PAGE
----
O'Donnell then charged that President Bush's comments in support of a constitutional amendment to define marriage as between a man and a woman, were "the most vile and hateful words ever spoken by a sitting President, in my opinion. I am stunned and I'm horrified." Told by Sawyer that the First Lady noted how "same-sex marriage is a very, very shocking issue for some people," O'Donnell called the amendment "shocking and immoral."
At no time did Sawyer point out how the leading Democratic presidential candidates say that they oppose same-sex marriage, nor did O'Donnell have an unkind word for them.
Co-host Charles Gibson trumpeted at the top of the February 26 show: "Getting married, a Good Morning America exclusive interview with Rosie O'Donnell taking on the President, as she heads to San Francisco to wed her long-term partner."
Sawyer introduced the pre-taped interview which ran during the 7:30am half hour, as taken down by MRC analyst Jessica Anderson: "Well, now to our exclusive interview with Rosie O'Donnell. As we said, she is not only speaking out against President Bush and the constitutional ban on gay marriage, she's going to take action with her 34-year-old partner, Kelli Carpenter, a former dancer and marketing director at Nickelodeon. She's going to head to San Francisco today to wed, and she's told us yesterday that she's now decided that civil union is not enough, even though the word marriage, she knows, troubles many people."
Reasonable people can disagree with Bush's proposed policy or strategy on the same-sex marriage issue, but it's hard to see anything "vile and hateful" in Bush's February 24 announcement which mainly recites the positive benefits for children of the institution of marriage between a man and a woman: www.whitehouse.gov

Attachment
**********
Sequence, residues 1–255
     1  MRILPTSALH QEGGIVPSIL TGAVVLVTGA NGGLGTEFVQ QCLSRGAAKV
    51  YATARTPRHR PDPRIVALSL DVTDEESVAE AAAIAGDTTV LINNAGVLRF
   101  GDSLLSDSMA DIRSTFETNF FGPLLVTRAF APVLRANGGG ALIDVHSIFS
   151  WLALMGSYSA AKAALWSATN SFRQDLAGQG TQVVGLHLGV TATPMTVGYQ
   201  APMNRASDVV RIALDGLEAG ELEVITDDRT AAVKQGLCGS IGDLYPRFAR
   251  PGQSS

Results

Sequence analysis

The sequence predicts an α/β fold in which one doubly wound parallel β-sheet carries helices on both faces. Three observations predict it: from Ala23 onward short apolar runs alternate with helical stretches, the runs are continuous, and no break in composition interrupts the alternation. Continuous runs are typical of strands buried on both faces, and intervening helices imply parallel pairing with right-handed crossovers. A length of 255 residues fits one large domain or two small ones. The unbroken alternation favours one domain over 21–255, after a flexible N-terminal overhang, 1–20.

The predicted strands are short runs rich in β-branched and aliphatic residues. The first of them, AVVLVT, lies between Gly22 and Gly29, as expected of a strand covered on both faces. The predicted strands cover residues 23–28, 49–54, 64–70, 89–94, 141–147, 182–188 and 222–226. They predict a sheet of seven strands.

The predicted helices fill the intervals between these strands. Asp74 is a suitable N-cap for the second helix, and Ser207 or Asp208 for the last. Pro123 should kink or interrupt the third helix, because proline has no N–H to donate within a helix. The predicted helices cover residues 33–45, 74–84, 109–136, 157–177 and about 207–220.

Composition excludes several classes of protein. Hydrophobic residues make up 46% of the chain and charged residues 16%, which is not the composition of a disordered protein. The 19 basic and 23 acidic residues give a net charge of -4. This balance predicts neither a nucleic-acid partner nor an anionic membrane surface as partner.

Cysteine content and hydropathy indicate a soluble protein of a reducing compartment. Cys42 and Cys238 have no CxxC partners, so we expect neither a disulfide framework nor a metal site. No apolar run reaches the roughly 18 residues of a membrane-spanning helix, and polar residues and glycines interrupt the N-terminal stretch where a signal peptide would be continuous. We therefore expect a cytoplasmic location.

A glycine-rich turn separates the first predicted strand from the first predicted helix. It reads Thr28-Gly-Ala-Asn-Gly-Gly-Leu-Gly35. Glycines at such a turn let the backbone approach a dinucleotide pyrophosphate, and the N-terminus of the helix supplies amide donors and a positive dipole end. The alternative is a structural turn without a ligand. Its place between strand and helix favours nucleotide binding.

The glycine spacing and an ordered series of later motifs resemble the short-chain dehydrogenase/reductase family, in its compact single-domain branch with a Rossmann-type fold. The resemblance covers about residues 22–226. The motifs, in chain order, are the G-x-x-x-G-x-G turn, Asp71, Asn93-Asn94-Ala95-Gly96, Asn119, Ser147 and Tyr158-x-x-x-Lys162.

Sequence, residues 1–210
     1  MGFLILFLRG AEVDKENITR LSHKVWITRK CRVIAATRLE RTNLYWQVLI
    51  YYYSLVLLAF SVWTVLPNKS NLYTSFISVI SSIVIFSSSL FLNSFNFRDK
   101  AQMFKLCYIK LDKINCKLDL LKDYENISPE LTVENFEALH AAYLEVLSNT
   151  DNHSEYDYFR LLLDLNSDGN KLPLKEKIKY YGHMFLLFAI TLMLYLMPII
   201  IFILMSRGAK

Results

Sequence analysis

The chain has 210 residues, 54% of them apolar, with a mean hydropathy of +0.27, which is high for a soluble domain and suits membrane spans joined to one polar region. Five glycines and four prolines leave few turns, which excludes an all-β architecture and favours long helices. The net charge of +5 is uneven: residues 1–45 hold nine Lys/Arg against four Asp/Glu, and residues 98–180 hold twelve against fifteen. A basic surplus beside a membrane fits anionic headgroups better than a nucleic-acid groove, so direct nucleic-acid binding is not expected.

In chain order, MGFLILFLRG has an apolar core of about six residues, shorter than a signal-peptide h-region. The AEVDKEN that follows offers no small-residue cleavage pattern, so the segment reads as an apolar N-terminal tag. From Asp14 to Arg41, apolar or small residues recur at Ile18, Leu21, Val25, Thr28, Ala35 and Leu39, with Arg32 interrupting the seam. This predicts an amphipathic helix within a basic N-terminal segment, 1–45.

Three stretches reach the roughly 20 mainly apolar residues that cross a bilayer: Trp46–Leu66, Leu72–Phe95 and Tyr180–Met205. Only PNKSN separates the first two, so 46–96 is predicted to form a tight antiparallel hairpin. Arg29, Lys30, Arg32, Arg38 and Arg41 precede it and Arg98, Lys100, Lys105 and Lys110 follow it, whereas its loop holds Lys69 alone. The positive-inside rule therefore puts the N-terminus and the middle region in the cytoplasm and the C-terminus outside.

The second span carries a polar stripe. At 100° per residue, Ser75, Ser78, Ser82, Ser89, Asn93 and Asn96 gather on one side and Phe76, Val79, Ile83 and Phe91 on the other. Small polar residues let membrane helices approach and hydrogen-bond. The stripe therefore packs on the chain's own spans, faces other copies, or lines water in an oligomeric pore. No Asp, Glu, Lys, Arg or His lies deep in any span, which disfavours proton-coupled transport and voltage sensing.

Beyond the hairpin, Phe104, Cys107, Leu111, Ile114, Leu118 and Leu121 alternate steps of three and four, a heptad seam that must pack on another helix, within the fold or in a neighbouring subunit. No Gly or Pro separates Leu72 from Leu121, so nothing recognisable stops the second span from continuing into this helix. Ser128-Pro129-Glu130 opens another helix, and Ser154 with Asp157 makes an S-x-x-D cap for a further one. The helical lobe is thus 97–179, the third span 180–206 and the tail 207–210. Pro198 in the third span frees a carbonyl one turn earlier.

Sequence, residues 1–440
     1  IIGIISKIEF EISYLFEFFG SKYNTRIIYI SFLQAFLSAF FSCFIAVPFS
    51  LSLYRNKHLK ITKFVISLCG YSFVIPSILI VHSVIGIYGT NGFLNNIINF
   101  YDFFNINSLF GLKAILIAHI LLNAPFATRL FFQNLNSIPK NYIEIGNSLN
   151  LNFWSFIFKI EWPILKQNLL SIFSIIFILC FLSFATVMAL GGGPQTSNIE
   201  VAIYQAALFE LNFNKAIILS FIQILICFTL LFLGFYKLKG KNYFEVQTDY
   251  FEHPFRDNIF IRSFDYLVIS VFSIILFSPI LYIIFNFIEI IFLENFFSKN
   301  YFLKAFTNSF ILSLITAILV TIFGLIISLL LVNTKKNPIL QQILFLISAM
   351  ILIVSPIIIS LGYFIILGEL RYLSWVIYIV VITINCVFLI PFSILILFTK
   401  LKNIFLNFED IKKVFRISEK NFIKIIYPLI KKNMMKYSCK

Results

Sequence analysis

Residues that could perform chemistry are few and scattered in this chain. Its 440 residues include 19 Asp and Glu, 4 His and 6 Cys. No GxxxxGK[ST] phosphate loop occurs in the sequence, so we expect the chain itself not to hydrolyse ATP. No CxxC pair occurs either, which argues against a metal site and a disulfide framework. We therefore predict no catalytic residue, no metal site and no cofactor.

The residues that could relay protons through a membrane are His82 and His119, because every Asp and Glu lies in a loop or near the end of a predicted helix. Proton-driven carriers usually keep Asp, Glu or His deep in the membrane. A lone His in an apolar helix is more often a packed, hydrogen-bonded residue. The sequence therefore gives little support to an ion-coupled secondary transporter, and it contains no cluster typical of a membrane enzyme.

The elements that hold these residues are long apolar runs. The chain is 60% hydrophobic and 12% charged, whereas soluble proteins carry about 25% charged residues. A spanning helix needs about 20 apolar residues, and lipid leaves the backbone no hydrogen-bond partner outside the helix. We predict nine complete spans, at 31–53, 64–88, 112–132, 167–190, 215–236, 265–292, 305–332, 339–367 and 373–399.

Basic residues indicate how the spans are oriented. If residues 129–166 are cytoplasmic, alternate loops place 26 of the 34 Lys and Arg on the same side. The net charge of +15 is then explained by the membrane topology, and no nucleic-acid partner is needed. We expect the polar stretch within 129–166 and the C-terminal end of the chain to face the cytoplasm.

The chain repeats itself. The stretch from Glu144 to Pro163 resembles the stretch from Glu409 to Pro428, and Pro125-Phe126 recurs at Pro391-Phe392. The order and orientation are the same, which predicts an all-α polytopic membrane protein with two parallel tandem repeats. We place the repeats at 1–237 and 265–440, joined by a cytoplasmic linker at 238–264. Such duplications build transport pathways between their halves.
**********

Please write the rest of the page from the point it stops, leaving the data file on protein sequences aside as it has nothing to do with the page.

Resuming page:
On Wednesday's Today show NBC's Matt Lauer prodded and pushed outspoken liberal actor Tim Robbins to bash the Bush administration, urging him to deliver some "payback" for how he was criticized for expressing his anti-war views. Robbins came aboard to promote his off-Broadway play Embedded, which satirizes how reporters were sycophants for administration policy during the liberation of Iraq. During the interview, Robbins said he doesn't mind criticism but draws the line at boycotts that cost actors jobs. However, Robbins himself once tried to end the career of a fellow actor.
[MRC analyst Geoff Dickens submitted this item for CyberAlert.]
After Lauer congratulated Robbins on the various nominations and awards he received for his performance in Mystic River, including an Academy Award nomination, Lauer wondered if the actor/activist would turn the Oscar stage on Sunday into a nationally televised platform to slam Bush:
Robbins then got Lauer to help him plug his new off-Broadway play which takes shots at the Bush administration's Iraq policy: "Have you, so you haven't sat down and written anything that might address war and the administration?"
After Robbins briefly discussed the importance of making the play entertaining, Lauer inquired about how Robbins dealt with the firestorm he created with his anti-war comments last year: "Talk to me a little bit about what you thought in terms of the reaction to your comments earlier in the year? You had appearances canceled, you were called a traitor, basically by a lot of people. What was fair? What goes with the territory for someone willing to speak his or her mind? What crossed the line?"
Robbins, however, was singing a different tune when it came to fellow thespian Elizabeth Hurley. In 2000 SAG actors went on strike against advertisers for higher residual pay. Robbins attacked Hurley for making an Estee-Lauder ad during the strike and called for Hurley's SAG card to be revoked. Lauer failed to catch Mr. Robbins hypocrisy on the issue. For more on media sympathy for Robbins' anti-war views and skipping up his attempt to black list Hurley, see the April 17, 2003 Media Reality Check: www.mrc.org